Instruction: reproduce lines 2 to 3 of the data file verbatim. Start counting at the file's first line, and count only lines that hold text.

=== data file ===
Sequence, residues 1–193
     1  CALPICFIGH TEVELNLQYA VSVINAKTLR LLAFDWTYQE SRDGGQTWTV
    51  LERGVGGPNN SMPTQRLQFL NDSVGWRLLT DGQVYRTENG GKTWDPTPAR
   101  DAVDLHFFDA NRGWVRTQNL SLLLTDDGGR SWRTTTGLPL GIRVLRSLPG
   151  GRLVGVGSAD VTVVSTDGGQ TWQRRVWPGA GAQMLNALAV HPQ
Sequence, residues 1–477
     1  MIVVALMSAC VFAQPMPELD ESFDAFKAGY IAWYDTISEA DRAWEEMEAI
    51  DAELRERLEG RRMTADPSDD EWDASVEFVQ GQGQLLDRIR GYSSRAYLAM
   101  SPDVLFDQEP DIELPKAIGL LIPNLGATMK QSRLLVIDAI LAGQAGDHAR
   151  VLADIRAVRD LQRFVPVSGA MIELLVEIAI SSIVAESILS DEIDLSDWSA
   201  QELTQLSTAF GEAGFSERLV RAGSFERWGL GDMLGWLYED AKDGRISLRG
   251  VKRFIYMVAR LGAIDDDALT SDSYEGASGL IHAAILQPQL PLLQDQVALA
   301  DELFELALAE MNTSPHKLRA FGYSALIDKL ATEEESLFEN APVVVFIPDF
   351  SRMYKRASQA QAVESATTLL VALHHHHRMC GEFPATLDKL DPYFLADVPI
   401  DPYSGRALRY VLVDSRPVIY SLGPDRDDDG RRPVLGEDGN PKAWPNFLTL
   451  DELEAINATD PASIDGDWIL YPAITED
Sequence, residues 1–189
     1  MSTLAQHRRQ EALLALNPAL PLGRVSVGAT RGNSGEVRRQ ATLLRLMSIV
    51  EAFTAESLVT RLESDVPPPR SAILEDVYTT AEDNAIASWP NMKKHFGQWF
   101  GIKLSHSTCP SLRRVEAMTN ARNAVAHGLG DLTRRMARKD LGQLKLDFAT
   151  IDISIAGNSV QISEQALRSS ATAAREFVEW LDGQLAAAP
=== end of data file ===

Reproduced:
     1  CALPICFIGH TEVELNLQYA VSVINAKTLR LLAFDWTYQE SRDGGQTWTV
    51  LERGVGGPNN SMPTQRLQFL NDSVGWRLLT DGQVYRTENG GKTWDPTPAR